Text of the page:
A total of 430,000 farm workers are exposed to exploitation by gang masters, according to a recent report published by the observatory Rizzotto. In addition, 132,000 of them are socially vulnerable. Up to 39 percent of farm workers are hired illegally, according to the report.
A total of 430,000 farm workers risk being illegally exploited by gang masters, according to a recent report published by the Italian observatory Rizzotto. In addition, 132,000 of them are socially vulnerable and risk losing their jobs. Up to 39 percent of farm workers are hired illegally, the report said.
The gang-master business has been estimated to be worth 4.8 million euros contributing to a tax evasion of around 1.8 billion, according to the report 'Agromafie e Caporalato' (mafia in the agriculture sector and the gang master system), which was drafted for the fourth consecutive year by the observatory Placido Rizzotto FLAI CGIL.
The observatory of the agroindustry chapter of labor union CGIL is named after Placido Rizzotto, who was abducted and killed by the Mafia in 1948. Since 2015, the observatory has been carrying out an in-depth analysis of illegal work in Italian farms based on data provided by national statistics bureau Istat, by CREA, the council for research in agriculture, top administrative court Corte dei Conti, the anti-mafia parliamentary commission and interviews.
30% of farmers work less than 50 days a year
The study presented this year said that over 300,000 farm workers, or almost 30 percent of the total, work less than 50 days a year. Many are hired illegally. Migrants are a fundamental resource among the estimated one million farm workers.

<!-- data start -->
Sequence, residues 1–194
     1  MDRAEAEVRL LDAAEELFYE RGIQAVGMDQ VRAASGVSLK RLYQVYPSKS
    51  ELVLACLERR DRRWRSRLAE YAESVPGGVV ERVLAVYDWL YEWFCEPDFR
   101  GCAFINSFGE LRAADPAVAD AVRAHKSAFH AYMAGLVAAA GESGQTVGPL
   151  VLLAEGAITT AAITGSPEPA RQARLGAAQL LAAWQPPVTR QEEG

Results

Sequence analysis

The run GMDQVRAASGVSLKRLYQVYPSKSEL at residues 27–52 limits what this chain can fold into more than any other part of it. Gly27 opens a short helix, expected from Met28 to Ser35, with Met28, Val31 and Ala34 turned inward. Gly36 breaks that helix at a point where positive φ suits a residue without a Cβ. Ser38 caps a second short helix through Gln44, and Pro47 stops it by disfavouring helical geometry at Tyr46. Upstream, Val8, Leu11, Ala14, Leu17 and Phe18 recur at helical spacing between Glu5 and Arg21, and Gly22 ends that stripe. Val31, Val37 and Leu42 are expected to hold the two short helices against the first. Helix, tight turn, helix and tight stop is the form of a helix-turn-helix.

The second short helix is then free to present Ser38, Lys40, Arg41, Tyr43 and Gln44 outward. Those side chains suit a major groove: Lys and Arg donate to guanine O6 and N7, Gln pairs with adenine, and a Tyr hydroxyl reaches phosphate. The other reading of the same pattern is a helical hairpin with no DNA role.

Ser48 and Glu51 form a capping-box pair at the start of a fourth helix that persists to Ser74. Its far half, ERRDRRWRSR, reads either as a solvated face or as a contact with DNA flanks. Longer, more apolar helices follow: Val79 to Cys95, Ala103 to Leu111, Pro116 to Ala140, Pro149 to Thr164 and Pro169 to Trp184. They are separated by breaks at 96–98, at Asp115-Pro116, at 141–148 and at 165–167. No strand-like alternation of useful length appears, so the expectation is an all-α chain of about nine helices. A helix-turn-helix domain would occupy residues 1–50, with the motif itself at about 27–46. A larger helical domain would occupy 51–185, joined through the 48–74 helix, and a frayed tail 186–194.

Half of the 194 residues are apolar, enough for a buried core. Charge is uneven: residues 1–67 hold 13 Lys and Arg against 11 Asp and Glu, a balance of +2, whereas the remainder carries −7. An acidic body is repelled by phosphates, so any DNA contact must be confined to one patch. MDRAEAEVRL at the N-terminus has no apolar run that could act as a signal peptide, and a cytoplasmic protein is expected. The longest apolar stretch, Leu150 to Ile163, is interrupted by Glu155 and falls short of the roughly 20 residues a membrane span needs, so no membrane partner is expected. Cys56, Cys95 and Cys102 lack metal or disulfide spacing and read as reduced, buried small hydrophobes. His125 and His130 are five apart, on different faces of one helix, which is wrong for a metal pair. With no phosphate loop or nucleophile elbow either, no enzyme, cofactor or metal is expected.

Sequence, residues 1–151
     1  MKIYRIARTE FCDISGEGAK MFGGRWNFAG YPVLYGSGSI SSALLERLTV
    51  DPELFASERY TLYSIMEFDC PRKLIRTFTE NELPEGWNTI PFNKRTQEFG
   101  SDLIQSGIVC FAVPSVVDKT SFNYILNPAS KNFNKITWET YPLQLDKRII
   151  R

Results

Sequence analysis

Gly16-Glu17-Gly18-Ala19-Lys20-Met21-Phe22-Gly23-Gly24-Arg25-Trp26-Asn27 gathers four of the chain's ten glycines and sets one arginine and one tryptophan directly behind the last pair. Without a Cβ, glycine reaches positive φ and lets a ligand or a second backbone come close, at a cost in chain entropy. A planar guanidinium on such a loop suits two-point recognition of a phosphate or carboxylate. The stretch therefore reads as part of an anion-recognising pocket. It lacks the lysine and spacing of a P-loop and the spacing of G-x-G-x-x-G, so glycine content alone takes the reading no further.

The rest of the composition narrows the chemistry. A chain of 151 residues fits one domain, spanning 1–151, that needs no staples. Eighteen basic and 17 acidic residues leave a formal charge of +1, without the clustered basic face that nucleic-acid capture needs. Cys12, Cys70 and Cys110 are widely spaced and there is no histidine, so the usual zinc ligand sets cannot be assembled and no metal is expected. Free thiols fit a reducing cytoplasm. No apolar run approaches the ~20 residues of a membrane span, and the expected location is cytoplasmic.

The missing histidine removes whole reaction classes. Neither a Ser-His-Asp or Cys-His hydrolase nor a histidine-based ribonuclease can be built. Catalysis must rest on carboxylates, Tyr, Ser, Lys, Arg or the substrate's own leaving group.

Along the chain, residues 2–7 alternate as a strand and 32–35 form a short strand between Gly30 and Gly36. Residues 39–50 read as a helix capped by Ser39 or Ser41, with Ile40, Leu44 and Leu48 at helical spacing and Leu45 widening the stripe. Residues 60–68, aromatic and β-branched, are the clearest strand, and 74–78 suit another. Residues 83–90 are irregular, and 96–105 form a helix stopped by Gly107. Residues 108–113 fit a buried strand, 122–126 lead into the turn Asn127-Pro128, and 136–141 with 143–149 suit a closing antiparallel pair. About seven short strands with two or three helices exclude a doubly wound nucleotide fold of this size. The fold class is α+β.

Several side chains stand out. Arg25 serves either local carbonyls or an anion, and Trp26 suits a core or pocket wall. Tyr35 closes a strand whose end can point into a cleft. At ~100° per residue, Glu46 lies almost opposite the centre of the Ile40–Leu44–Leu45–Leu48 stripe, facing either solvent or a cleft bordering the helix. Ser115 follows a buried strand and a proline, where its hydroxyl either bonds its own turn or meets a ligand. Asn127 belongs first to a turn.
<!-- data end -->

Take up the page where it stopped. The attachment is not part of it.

According to data presented by Italian national social welfare institute INPS, 286,940 in 2017 were registered with a regular contract, almost 28 percent of the total, including 151,706 EU citizens (53 percent) and 135,234 from non-EU countries (47 percent).
38.7% of migrant workers underpaid, 16.5% irregularly employed
According to CREA, a total of 405,000 foreigners are employed in agriculture, both legally and illegally, including 16.5 percent who have an informal agreement (67,000 people) and 38.7 percent who are underpaid (157,000). These workers are exposed to serious exploitation, the study said. They have no rights or guarantees provided for by national contracts and the law; they are paid on average between 20 and 30 euros a day; they get paid on a piece-rate basis of 3 or 4 euros per 375-kilo box.
Workers forced to pay for transport, water, food
They earn on average 50 percent less than what is owed to them under the national contract. Workers exploited by gang masters also have to pay for transport according to the distance they are traveling (on average five euros) and for food and drink (about 1.5 euros for water and three for a sandwich. They work on average eight to 12 hours a day.
Women under gang-masters earn 20 percent less than their male colleagues. Some migrant farm workers can make as little as one euro an hour, the report noted. A total of 30,000 companies use gang-masters to hire laborers, according to the report, or about 25 percent of the total number of firms with employees.